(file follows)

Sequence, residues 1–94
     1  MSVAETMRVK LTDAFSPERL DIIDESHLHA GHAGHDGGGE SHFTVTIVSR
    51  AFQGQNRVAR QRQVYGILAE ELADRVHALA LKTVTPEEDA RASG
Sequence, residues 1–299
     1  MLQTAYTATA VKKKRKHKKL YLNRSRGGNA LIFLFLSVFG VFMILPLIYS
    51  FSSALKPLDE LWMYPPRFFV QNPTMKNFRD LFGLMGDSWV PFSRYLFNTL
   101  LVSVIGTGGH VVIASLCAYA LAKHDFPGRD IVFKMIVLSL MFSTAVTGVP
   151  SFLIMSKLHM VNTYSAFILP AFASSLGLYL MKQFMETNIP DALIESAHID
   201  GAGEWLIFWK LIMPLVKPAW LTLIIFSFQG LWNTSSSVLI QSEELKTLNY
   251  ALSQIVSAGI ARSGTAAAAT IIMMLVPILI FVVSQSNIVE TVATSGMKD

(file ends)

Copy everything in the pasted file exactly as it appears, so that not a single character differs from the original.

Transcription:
Sequence, residues 1–94
     1  MSVAETMRVK LTDAFSPERL DIIDESHLHA GHAGHDGGGE SHFTVTIVSR
    51  AFQGQNRVAR QRQVYGILAE ELADRVHALA LKTVTPEEDA RASG
Sequence, residues 1–299
     1  MLQTAYTATA VKKKRKHKKL YLNRSRGGNA LIFLFLSVFG VFMILPLIYS
    51  FSSALKPLDE LWMYPPRFFV QNPTMKNFRD LFGLMGDSWV PFSRYLFNTL
   101  LVSVIGTGGH VVIASLCAYA LAKHDFPGRD IVFKMIVLSL MFSTAVTGVP
   151  SFLIMSKLHM VNTYSAFILP AFASSLGLYL MKQFMETNIP DALIESAHID
   201  GAGEWLIFWK LIMPLVKPAW LTLIIFSFQG LWNTSSSVLI QSEELKTLNY
   251  ALSQIVSAGI ARSGTAAAAT IIMMLVPILI FVVSQSNIVE TVATSGMKD